Zelensky responds to Putin
Ukraine is a beautiful country, but it doesn’t belong to Vladimir Putin, Ukrainian President Volodymyr Zelensky has blasted after his Russian counterpart quoted a rhyme used to reprimand children, advising Kiev’s leadership on how to restore peace in the war-torn Donbass.
At a joint press conference with French President Emmanuel Macron on Monday, Putin hit out at Zelensky, saying he refused to abide by the terms of the Minsk agreements – treaties signed in 2014 and 2015 that were meant to resolve the ongoing conflict in eastern Ukraine.
“In Kiev, first they say they will comply, then they say it will destroy their country,” the Russian leader complained. “And the president said recently there’s not one item in the Minsk agreements that he likes. ‘Like it or not, my beauty, bear with it.’ They must be fulfilled, it won’t work any other way.”
On Tuesday, during his own appearance with Macron, Zelensky noted Putin’s choice of words, a common idiom that rhymes in Russian, which parents and teachers often use with stubborn children.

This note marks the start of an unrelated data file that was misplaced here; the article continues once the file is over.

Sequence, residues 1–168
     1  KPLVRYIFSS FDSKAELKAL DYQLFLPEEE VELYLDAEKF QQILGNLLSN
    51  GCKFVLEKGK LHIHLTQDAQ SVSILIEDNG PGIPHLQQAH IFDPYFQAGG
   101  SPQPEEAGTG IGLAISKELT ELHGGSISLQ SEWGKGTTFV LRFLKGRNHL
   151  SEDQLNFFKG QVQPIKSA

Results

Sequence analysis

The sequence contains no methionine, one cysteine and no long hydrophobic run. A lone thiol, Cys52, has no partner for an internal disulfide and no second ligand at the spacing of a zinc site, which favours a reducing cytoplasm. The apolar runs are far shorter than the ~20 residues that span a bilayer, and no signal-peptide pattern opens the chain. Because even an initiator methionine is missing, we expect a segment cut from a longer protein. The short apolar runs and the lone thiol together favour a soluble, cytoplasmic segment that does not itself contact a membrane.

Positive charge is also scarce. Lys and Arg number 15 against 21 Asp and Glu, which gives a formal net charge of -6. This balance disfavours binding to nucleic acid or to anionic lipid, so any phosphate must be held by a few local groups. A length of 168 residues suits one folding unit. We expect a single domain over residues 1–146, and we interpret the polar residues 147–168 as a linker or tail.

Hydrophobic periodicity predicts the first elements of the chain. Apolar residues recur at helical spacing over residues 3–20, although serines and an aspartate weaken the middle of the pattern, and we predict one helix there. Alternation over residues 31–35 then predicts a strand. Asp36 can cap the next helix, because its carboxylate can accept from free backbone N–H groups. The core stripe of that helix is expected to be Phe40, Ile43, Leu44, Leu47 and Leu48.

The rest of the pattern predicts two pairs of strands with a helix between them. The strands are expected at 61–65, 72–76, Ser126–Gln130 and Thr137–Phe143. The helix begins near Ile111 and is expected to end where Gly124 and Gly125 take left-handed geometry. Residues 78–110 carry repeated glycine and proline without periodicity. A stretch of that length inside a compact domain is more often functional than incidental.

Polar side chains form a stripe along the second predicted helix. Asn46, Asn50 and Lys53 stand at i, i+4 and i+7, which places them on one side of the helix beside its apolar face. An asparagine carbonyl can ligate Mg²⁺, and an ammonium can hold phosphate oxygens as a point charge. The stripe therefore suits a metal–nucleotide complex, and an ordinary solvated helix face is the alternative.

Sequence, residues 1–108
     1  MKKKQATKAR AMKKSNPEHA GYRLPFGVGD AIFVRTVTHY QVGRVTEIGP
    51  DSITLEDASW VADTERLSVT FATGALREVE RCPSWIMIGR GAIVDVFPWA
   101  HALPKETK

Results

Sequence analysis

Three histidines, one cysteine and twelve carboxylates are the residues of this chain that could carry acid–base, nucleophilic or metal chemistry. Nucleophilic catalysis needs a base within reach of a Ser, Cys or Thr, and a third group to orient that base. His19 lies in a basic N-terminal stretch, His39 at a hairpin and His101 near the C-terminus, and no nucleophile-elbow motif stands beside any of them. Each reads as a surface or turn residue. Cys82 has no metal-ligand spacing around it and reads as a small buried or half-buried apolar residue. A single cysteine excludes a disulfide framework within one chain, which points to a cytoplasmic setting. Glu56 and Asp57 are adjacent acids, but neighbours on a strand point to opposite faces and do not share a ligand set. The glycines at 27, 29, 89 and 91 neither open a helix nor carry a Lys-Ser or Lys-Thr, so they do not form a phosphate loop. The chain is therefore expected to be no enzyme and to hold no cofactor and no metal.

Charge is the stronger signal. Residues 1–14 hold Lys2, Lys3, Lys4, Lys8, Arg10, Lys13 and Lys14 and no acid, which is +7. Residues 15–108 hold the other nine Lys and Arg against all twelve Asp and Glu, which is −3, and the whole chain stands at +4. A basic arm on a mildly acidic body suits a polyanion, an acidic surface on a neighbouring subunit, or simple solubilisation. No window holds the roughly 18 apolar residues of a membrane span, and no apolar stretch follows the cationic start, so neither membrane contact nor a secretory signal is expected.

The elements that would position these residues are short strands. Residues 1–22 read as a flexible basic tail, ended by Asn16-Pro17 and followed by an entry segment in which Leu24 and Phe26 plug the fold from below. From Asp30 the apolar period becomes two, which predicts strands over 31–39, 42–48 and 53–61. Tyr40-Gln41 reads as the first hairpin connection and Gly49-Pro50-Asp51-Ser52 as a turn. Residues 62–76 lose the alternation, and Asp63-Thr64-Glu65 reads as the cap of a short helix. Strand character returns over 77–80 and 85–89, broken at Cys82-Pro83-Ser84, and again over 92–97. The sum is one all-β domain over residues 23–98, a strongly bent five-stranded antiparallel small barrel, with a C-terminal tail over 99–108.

“‘Like it or not, my beauty, bear with it.’ There is, of course, something here that I won’t dispute with the Russian president,” Zelensky said with a slight smile. “Ukraine really is a beauty. But as far as the word ‘my’ goes, calling Ukraine ‘my beauty,’ I think that is a bit of an overstatement.”
Putin’s admonition previously attracted attention from observers online, some of whom accused the president of making a vulgar sexual threat. Others noted that the words bore a resemblance to the lyrics of a 1990s song by punk group Krasnaya Plesen, or “Red Mold,” in which the singer describes a necrophiliac fantasy and says, “Like it or not, my beauty, sleep.”
Native Russian speakers, however, quickly pointed out that Putin and Krasnaya Plesen’s phrases are both variations of the same widely used idiom that most likely comes from folklore, in a possible reference to fairy tale character Sleeping Beauty. When asked about the controversy, Kremlin spokesperson Dmitry Peskov replied that he did not think the Russian leader was familiar with the song with which his comment had been associated.